Over the past several weeks of the Penn State scandal, I have been astonished by the number of people who failed to do the right thing. I'm fairly convinced the reason is because each of them found the right thing hard to do.
As a gay man, over the years I have met men with varying degrees of comfort with their sexuality. The most repressed men were insistent that they were 100 percent heterosexual, and that any same-sex activity they would engage in was "just horsing around."
Pausing in the stadium in the midst of the Saturday afternoon festivities to remember the victims of Sandusky's alleged abuses made a great deal of sense. Why a prayer spectacle was required to do this isn't at all clear to me.
Is there any other penalty for the NCAA to enforce against the Penn State football program but the so-called death penalty?
Queery: "I was having dinner with some friends, and the subject of the Penn State scandal came up. One of the straight guests was on a rant about it and said, 'This is a perfect example of why gays shouldn't be parents.'"
The time is way overdue for major colleges and universities to give crisis management the high degree of attention and support it demands.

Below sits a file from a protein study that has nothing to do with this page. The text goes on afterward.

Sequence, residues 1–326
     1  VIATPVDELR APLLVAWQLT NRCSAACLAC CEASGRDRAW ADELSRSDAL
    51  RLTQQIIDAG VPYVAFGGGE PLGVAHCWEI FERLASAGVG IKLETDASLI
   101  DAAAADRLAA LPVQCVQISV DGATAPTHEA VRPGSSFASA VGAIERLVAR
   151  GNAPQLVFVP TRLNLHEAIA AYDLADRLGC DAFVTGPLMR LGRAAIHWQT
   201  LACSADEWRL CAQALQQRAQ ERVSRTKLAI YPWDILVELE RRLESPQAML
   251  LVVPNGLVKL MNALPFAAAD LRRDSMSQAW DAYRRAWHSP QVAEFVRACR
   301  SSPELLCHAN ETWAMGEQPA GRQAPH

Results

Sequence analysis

If they earn the right to go to the Rose Bowl, they should be allowed to go. Do not compound the actions of a misguided, morally bankrupt few by denying these young men the opportunity to finish what they started.
The moment I realized that the Penn State scandal was breaking, and breaking big, I knew that the universe had taken over. My prayers had been answer...
What's the connection between Simpson and Sandusky, who is charged with assaulting eight boys? Both men's statements are devastating to their defense.
Joe Paterno's legacy should be that of a giant, who may have made one serious mistake of judgment, which seems clearer in retrospect than it probably was at the time it was made. There are no perfect heroes in real life.
One of the questions I hear over and over when child sexual abuse comes up is, "Why didn't they tell?" But when I was trying to figure out how to be safe again after my own experience, telling was one of the first options removed from the table. I didn't have anyone to tell.
If we as a society really want to keep things like this from happening again, we should stop horsing around with the fantasy of a society led by a responsible elite while we the people cheer or jeer from the sidelines.
At least one positive development has emerged from the Penn State sexual abuse scandal.
In this type of homophobic environment, where everyone knows policy is one thing and practice is another, perhaps Penn State was paralyzed not only by the alleged rapes, but by the fear of having a gay coach.
I have a suggestion for the chief of police who hid in his office rather than talk to the reporter. Instead of cowering, he should get himself in front of that camera.
It is the systematic idolatry of football at Penn State and beyond that is the true culprit -- not merely Joe Paterno or Jerry Sandusky.